Jon Rafman’s Oniric Imagery generated by the Web
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Rafman creates characters that seem to come out from an imaginary dark web: alienating synthesis between 3D animation and scenes clinging to reality; all this gives life to a composite picture able to open gates towards an alternative, but disturbing dimension.

Colorful but sinister environments, ambiguous subjects, disturbing lights.

Jon Rafman – born in 1981 – is considered the “messiah” of Digital Art.

He has created the subculture of the “liquid” society, representing on screen half-man half-animal freaks, generated unnaturally by digital globalization.

He became known to the general public also thanks to the Balenciaga S/S19 fashion show, for which he created an immersive psychedelic tunnel, claustrophobic, made of lights and surreal atmospheres – in which models moved like automatons and a voice in the background obsessively repeated:

“Presence is the key. Now is the answer.”

It was an overwhelming show that literally overwhelmed the audience, catapulting them from one dimension to another.

Rafman creates characters that seem to come out from an imaginary dark web: alienating synthesis between 3D animation and scenes clinging to reality as we know it; all this gives life to a composite picture able to open gates towards an alternative, but disturbing dimension.

 

Using different media and languages ranging from digital art, photography, installation and sculpture, Rafman deeply investigates the disturbing fusion of simulation and reality in contemporary society, through the creation of works that confuse the material and virtual worlds – creating bewilderment and reflection in the viewer.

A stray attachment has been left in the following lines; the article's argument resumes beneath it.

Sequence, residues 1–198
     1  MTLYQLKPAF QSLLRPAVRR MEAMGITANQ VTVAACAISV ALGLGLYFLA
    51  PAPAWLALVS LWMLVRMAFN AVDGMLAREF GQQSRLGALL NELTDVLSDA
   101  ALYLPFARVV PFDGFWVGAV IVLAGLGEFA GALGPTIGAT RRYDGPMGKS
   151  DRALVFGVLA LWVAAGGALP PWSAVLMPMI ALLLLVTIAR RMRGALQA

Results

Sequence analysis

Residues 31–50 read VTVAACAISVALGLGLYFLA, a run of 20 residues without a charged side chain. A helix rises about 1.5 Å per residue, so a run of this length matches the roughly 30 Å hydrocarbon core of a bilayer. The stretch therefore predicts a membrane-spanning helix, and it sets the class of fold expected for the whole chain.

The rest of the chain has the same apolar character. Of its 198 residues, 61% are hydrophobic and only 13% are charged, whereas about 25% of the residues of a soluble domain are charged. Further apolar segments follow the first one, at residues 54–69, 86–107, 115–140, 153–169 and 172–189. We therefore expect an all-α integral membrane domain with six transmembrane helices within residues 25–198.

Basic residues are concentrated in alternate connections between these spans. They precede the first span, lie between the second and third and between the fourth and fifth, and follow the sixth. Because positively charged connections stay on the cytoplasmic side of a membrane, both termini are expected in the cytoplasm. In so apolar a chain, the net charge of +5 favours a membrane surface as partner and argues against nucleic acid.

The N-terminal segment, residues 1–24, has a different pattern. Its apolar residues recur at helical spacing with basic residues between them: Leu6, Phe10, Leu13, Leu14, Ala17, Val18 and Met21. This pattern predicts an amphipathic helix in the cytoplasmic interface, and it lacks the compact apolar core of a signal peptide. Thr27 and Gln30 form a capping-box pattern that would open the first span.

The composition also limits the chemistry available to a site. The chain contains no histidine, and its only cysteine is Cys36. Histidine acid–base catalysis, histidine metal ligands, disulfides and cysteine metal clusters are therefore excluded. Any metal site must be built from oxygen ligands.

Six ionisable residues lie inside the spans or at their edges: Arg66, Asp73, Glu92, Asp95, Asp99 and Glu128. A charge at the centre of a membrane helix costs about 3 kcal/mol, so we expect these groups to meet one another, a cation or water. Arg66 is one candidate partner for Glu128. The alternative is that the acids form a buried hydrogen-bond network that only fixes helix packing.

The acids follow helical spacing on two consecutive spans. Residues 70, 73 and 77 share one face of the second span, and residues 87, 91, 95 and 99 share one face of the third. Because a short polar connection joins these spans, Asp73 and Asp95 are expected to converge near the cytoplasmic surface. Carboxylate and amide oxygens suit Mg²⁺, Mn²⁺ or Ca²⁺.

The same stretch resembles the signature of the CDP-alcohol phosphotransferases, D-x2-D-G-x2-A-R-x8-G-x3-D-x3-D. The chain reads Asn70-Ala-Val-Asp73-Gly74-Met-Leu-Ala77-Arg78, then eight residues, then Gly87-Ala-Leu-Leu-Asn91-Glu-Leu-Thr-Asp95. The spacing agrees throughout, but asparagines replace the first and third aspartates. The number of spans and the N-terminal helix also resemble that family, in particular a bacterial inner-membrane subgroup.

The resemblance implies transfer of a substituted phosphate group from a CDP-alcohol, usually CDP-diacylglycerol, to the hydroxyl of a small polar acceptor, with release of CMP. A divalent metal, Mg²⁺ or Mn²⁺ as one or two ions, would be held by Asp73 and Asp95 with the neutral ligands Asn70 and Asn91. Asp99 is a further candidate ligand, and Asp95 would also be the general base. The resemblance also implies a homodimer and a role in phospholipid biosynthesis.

His immersive research up to the most malodorous bowels of the deep web has allowed him to play the role of an amateur and digital atropologist, able to collect, in an almost obsessive way, significant testimonies abandoned on the web.

All his video art production always has a voice-over that hypnotically repeats the same phrase, and accompanies the sequences of frames selected from the internet, videogames, online chats, old forums in an incredible melting pot apparently confused, but which follows its own precise logic.

Works like “In A Man Digging” (2013) or “Remember Carthage” (2013) mix fragments of 90s videogames with real settings, following a surreal but compelling narrative.

They delve into the themes of memory – at first that of floppy disks – until they reach the emotional, human one.

Rafman’s works are exhibited in the most avant-garde galleries in the world, such as Sprüth Magers in Berlin and Los Angeles, the New Online Art – New Museum in New York, the Saatchi Gallery in London, or the Museum of Contemporary Art Kiasma in Helsinki – just to name a few.

The latest exhibition, shown at Ordet in Milan and titled ‘ᖴᗩᑕIᗩᒪ I’ (2022) is a collection of “UV maps”: facial skins derived from scans of real faces used for the creation of avatars of the metaverse, modified by the artist with various levels of interventions.

The exhibition aimed to highlight the drift of avatars that are preemptively replacing real people. As Rafman stated:

“Subjectivity has degraded to such an extent that we can no longer even say we are subjects.”

Rafman plunges the viewer into a participatory experience, with alternating waves of visceral pleasure and feeling of rejection – almost disgust – he composes like a novel the structure of the work, to be followed to the end.

Rafman’s art is a mental trip, which paradoxically allows to wake up from the numbness of the hyper-digitalized society.

 

WORDS: Manuela Palma

All Rights at jonrafman.com

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